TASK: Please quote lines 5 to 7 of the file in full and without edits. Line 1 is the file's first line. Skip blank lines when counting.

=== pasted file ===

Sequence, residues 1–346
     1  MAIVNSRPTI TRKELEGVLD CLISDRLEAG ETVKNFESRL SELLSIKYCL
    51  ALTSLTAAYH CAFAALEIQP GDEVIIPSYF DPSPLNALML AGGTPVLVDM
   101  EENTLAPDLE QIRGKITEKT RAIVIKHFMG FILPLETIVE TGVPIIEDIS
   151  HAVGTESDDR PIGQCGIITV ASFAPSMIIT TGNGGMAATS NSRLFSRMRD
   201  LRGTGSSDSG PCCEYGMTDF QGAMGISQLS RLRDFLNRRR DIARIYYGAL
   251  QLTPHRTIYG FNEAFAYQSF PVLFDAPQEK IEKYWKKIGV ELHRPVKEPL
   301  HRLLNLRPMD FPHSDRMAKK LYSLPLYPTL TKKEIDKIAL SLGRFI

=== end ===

   151  HAVGTESDDR PIGQCGIITV ASFAPSMIIT TGNGGMAATS NSRLFSRMRD
   201  LRGTGSSDSG PCCEYGMTDF QGAMGISQLS RLRDFLNRRR DIARIYYGAL
   251  QLTPHRTIYG FNEAFAYQSF PVLFDAPQEK IEKYWKKIGV ELHRPVKEPL